You take the time to brush and floss your teeth because you want a brighter smile. But how often do you think about ways to improve the health of your gums? Most people don’t realize that their gums play a vital role in the beauty of their smile.
If you don’t take care of your gums, several conditions could cause problems that will affect the look and feel of your entire mouth. Learn why gum health is so important and how to make your gums healthier in 5 minutes or less.
Why Do Gums Matter?
You’ve probably heard of gum disease, but do you really know what it is? This annoying infection can affect your teeth and all the surrounding tissues in your mouth. Because the disease doesn’t cause pain, many people don’t know they have it. So why does it matter? Gum disease is a leading cause of tooth loss in adults.
Gum disease occurs when plaque is not removed through proper brushing and flossing. You won’t feel any pain when you have gum disease so make sure you recognize the warning signs and get help if needed. The most common and well known form of gum disease is gingivitis. The condition involves the inflammation of the gingiva or gums surrounding the necks of the teeth, and is caused by plaque developing along the gumline. Symptoms include red and swollen gums, as well as gum bleeding, which can be seen on your toothbrush or at a dental exam.
The second-most common periodontal disease is “periodontitis.” Like gingivitis, it is caused by bacterial plaque, but it can cause loss of bone support within the teeth. It can be treated or prevented, but rarely can the damage be reversed. Periodontitis can occur if gingivitis is left untreated. Signs of periodontitis, like gingivitis, include red and swollen gums, and bleeding. The formation of gum pockets around the teeth may also occur, which is defined by an opening around the gum tissue of the teeth. This allows bacteria and the formation of tartar to get deeper under the gum line. This deepening of the pocket is associated with bone loss, and can lead to tooth loss if left untreated.
Talk to Dr. Jaleel, your Ottawa Nepean dentist or one of our fantastic dental hygienists during you visit about the presence of:
- Bleeding gums
- Red or swollen gums
- Bad breath that won’t go away
- Loose teeth
- Receding gums (gums that are pulling away from your teeth)
When gum disease becomes more advanced, it is called periodontitis. This condition can result in the development of periodontal pockets, swollen gum tissue, lose of bone that could lead to tooth loss.
Improve Gum Health
You can prevent gum disease with simple steps that take just a few minutes. Proper brushing and flossing techniques are essential. After you floss, follow these steps to brush both your teeth and your gums:
- Proper angle – Make sure you hold your toothbrush at a 45-degree angle towards the gumline.
- Short strokes – Move the brush back and forth in short gentle strokes brushing both the front and back of your teeth and gums.
- Use the tip – To get behind your front teeth, use the tip of the brush on the top and on the bottom teeth.
- Brush your tongue – Keep your mouth fresh by brushing your tongue.
And lastly, improve gum health and prevent tooth decay with regular visits to Dr. Jaleel!
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We lose teeth for many reasons: gum (periodontal) disease, tooth decay and trauma — falls, accidents and sports related injuries. Adult teeth begin to form around birth. Anything happening to the body during the time of tooth formation can be disruptive. If you are undergoing radiation or chemotherapy, one of the side-effects may be a premature loss of teeth. As well, infections can result in damage to adult teeth or their early loss. And some people have missing teeth because they never developed. Dental implants and dentures can be the answer to such problems. Missing teeth can result in a loss of self confidence and lower self-esteem. If you have several missing teeth and difficulty chewing, this could lead to digestive and nutritional problems. Your other teeth may start to shift or over-erupt to compensate for the missing teeth, upsetting the relationship between teeth, muscles and joints. Loss of many posterior teeth can affect your ability to chew and may also contribute to temporomandibular joint problems. Getting your implants or dentures early can prevent the occurrence of many of the issues mentioned above. Luckily, Dr. Jaleel is your Ottawa dentist and is here to help.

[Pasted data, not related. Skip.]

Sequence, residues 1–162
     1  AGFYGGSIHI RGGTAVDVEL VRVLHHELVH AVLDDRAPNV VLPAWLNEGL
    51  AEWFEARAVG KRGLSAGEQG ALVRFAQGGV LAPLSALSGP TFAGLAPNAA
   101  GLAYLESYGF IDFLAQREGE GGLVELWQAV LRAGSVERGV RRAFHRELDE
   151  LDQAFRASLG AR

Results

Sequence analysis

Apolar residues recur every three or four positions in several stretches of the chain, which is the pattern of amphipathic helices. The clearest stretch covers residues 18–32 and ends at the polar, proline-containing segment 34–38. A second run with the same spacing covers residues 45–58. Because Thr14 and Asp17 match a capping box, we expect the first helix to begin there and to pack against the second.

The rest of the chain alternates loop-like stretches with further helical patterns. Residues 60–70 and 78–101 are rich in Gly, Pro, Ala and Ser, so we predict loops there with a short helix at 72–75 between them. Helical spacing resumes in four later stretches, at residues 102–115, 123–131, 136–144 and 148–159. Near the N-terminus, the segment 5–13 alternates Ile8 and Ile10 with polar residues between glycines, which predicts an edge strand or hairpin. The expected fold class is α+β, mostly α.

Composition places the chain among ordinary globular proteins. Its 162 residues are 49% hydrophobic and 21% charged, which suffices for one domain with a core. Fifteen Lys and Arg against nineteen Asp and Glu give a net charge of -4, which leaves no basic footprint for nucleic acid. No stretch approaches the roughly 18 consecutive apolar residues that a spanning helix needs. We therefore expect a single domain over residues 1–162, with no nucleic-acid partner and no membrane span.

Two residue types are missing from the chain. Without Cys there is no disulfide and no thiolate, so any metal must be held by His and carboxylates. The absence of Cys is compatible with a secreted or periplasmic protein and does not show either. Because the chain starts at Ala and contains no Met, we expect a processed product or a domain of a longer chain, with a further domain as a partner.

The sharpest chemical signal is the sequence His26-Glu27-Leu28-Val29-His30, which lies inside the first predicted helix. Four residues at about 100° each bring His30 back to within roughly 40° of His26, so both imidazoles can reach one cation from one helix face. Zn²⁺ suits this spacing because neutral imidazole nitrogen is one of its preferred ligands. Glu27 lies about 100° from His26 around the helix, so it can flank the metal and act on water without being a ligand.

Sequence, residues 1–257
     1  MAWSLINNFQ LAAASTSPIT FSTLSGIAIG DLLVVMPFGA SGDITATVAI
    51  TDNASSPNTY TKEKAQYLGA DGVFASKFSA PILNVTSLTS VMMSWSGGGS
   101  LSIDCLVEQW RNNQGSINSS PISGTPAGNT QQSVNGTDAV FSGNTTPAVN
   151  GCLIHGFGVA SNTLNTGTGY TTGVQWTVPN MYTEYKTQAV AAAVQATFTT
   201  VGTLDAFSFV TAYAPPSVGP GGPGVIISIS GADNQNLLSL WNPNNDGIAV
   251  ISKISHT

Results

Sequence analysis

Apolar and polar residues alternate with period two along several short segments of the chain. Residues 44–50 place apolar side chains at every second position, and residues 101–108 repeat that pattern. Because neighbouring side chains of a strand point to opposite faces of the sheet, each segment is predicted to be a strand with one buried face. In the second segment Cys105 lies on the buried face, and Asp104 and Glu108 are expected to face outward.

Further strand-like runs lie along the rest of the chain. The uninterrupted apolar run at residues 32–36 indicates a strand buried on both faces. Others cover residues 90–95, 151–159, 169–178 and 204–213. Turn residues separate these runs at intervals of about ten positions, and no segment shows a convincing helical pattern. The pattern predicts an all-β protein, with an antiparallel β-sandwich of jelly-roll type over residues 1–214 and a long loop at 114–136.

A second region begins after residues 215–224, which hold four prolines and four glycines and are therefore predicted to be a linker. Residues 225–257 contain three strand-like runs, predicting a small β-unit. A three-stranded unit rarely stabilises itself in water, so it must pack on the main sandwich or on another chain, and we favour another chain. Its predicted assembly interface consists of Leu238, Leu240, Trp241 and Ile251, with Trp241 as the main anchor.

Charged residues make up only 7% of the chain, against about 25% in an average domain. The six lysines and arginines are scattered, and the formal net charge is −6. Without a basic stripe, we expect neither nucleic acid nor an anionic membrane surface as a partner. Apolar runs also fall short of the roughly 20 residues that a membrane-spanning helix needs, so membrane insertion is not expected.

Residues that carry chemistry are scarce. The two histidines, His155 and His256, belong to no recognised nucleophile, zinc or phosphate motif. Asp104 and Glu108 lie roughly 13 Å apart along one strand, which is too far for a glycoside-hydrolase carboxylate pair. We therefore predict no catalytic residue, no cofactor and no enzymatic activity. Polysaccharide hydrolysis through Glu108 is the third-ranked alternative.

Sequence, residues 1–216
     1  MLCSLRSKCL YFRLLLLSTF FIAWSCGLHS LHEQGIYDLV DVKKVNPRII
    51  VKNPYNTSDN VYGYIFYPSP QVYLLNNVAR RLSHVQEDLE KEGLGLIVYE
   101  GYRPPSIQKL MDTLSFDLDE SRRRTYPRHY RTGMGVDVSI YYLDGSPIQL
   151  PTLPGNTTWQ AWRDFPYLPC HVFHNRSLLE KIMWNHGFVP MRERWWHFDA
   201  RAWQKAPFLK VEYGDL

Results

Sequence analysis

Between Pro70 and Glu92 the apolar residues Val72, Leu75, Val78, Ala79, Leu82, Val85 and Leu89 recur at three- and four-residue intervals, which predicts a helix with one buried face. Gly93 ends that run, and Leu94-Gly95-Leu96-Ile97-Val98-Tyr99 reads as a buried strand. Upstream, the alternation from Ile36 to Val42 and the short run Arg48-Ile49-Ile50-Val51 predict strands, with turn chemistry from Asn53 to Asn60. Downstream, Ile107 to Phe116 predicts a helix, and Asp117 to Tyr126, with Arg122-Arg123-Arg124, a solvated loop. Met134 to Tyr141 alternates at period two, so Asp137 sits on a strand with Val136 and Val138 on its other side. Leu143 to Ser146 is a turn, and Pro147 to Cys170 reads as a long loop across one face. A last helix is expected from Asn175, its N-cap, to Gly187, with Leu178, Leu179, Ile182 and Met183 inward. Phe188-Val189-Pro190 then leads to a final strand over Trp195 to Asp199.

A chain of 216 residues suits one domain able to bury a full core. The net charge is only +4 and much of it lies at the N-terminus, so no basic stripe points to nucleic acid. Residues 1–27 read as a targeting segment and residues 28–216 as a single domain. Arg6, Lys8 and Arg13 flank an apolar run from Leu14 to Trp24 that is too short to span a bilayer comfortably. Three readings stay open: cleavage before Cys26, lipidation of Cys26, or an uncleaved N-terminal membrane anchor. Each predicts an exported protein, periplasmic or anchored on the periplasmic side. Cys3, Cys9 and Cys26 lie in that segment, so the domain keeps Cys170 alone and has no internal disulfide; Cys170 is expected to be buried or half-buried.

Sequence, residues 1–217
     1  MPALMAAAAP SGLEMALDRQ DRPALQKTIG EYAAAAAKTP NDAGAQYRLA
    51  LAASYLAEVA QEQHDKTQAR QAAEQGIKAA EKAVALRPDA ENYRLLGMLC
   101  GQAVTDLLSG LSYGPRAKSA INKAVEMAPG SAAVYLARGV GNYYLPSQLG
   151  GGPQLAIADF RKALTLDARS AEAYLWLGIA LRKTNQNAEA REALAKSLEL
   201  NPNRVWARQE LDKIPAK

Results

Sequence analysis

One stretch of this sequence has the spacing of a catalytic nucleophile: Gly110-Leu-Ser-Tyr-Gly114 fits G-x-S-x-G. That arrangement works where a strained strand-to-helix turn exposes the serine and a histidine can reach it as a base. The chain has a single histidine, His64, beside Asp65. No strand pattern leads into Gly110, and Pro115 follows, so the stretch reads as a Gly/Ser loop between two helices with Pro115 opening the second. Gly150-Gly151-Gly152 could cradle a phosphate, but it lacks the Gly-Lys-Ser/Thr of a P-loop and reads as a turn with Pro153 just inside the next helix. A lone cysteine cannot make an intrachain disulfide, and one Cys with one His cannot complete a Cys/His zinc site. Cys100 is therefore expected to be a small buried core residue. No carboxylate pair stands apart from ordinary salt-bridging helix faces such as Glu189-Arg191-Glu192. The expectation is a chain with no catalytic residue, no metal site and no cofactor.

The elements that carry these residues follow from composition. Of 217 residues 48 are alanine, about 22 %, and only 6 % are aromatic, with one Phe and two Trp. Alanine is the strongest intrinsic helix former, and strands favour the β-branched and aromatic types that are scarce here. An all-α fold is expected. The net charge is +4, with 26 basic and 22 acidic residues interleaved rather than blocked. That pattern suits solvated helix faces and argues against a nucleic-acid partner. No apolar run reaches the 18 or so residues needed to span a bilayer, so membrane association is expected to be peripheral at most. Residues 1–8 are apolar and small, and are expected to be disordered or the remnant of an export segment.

Implants or Dentures?
Keep all factors, not just cost, in mind. For example, implants are a good bet for those who like hard, crunchy foods such as carrots and apples. For those who prefer softer foods like pasta, another option might be preferable. And other factors such as bite or joint problems or some diseases should also be considered. On the blog today, we will break down the various restorative options for you.
Retained and supported by oral tissues, and retention and comfort can be an issue. Dentures can last up to 10 years, but an annual relining of the denture to maintain a good fit is recommended.
- Least-expensive option
- No surgery
- Can be made quickly
- Look good.
- Uncomfortable if not properly fitted
- Patients may develop sore spots
- Gums and bones shrink as we age and dentures accelerate that process.
Removable Partial Dentures
Supported and held by both tissues and teeth. Metal clasps wrap around various teeth, retaining the partial denture or, in some cases, attachments can be made to implants instead of teeth, which look better esthetically, as metal clasps are eliminated. Last up to 10 years, unless you need a crown or lose teeth.
- Last long
- Relatively cheap
- Relining required to avoid clasps damaging teeth
- Can contribute to bone loss.
Typically the teeth (or implants if there are not enough natural teeth) on either side act as anchors via crowns to support and retain an artificial tooth or teeth in between; hence, the term “bridge.” Can last 10 years or longer;